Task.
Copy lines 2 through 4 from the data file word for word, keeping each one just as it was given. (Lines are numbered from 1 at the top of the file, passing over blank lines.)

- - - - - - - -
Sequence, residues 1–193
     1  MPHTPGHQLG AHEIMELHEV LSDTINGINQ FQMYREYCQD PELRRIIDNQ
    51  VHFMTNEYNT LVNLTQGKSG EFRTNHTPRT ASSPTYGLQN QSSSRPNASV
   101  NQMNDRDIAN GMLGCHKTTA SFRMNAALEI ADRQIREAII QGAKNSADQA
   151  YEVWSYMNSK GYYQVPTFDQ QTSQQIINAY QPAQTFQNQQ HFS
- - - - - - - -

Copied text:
     1  MPHTPGHQLG AHEIMELHEV LSDTINGINQ FQMYREYCQD PELRRIIDNQ
    51  VHFMTNEYNT LVNLTQGKSG EFRTNHTPRT ASSPTYGLQN QSSSRPNASV
   101  NQMNDRDIAN GMLGCHKTTA SFRMNAALEI ADRQIREAII QGAKNSADQA